Wednesday, November 15, 2006

Wheat-soybean Double Cropping Can Utilize Early-maturing Soybean in Mississippi.

Stephen Kyei-Boahen and Lingxiao Zhang. Delta Research & Extension Center, IITA, C/O IIAM-PAN, Nampula, MS, Mozambique

Double-cropping soybean [Glycine max (L.) Merr.] after harvesting wheat (Triticum aestivum L.)  is an important production system in the mid-southern USA. A major problem with this system is the low soybean yield due to the delayed planting of late-maturing cultivars. Field studies were conducted at Stoneville, MS (33o26' N lat) to evaluate the seed yield and net returns from early soybean maturity groups grown in a double-crop system under limited irrigation, and compare the results with those from a full-season system. Soybean cultivars from maturity group (MG) III, IV and V were used. Double-cropped soybean yields ranged from 2055-3767 kg ha-1 and were 10-40% lower than their full-season counterparts. For both systems, the average yield and net returns from group IV, in particular the late IV, were among the highest, whereas those from groups III and late V were generally the lowest. The net returns from the full-season soybean averaged $85 to 274 ha-1 higher than those from the double-cropped soybean; however, the net returns from the double-cropped wheat more than compensated for these differences. The 3-yr average wheat yield was 5170 kg ha-1 and accounted for more than 60% of the combined net returns from the double-crop system. These results indicate that yields and net returns from double-cropped MG III or IV soybean could be equal or greater than MG V cultivars, but the late IV provided the highest yield and economic return. The data further indicated that wheat-soybean double-crop system using MG III or IV under limited irrigation was more profitable than the full-season soybean system.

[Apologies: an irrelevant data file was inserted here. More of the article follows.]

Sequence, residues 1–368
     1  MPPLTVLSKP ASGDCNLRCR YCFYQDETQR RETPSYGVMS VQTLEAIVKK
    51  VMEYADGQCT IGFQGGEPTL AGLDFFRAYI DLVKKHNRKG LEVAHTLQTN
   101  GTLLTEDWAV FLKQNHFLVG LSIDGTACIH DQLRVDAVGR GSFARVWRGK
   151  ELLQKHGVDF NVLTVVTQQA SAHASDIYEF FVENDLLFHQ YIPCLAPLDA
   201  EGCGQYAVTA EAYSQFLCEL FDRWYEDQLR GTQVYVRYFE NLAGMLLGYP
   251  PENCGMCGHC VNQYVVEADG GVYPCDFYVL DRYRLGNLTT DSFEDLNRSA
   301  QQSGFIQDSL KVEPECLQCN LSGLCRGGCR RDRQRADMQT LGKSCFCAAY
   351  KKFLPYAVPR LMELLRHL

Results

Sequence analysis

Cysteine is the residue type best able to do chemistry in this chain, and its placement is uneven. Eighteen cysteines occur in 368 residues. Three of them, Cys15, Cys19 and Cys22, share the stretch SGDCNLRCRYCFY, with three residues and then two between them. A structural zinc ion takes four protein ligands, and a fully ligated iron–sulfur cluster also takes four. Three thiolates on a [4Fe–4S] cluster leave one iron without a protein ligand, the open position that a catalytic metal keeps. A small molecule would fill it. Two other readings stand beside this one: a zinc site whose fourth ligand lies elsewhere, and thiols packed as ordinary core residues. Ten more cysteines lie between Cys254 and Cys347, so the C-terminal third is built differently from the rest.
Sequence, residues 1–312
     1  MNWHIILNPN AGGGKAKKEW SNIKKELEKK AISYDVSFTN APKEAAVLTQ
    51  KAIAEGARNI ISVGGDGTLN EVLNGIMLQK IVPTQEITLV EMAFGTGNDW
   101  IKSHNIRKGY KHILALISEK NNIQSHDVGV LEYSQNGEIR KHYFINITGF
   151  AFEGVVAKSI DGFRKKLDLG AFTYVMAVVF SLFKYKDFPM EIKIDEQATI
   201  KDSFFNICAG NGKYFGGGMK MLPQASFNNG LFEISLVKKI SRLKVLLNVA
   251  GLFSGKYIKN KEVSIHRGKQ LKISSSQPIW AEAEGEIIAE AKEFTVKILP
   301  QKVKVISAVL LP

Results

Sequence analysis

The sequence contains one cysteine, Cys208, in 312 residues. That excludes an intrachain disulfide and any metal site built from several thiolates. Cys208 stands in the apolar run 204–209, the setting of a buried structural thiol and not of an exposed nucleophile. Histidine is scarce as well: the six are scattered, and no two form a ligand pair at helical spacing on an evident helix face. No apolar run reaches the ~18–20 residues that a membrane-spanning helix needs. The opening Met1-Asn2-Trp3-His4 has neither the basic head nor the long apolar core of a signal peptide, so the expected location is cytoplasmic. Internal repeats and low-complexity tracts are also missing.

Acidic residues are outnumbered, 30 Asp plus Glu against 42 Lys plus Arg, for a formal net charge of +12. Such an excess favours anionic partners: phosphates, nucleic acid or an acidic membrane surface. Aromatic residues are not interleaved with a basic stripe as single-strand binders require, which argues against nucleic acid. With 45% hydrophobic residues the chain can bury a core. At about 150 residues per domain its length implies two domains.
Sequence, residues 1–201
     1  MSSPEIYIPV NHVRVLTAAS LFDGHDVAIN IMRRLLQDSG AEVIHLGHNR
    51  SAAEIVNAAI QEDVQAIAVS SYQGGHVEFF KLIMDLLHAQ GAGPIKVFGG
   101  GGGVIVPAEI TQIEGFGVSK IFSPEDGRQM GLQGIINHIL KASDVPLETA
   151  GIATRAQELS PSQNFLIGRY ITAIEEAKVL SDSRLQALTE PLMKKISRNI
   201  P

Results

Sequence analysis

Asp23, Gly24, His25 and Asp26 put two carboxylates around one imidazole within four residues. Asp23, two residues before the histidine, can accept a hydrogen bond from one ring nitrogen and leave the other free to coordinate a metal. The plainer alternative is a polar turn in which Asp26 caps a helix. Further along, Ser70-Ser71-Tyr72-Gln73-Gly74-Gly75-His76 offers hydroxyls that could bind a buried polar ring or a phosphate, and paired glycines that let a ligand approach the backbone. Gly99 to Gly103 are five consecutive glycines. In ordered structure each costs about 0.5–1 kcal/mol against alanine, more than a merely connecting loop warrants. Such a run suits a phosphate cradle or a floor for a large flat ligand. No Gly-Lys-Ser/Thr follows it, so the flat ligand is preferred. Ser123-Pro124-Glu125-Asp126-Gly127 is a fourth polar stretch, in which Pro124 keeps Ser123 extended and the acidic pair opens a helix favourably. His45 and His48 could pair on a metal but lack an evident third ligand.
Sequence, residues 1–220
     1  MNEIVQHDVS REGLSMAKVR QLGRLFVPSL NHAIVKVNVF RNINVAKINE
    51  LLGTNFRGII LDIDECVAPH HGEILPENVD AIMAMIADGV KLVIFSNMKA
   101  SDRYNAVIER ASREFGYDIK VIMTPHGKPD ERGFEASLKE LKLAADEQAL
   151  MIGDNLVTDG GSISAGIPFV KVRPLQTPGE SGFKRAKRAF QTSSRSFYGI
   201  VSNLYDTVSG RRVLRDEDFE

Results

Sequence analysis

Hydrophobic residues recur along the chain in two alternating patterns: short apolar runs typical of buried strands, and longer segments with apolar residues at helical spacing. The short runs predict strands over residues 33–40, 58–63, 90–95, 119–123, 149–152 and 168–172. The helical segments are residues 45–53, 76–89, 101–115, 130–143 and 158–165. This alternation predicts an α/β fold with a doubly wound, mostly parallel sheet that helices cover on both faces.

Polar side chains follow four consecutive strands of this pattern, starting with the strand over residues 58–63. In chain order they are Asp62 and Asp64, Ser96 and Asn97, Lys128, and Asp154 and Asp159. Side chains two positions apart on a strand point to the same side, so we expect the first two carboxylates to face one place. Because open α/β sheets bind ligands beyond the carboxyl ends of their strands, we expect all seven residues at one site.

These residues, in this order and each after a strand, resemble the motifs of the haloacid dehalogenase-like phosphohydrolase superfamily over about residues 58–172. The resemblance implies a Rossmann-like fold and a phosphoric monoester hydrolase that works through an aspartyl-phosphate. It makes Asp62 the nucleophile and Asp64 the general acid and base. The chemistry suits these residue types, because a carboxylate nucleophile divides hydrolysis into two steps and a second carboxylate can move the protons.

Handout (.pdf format, 29.0 kb)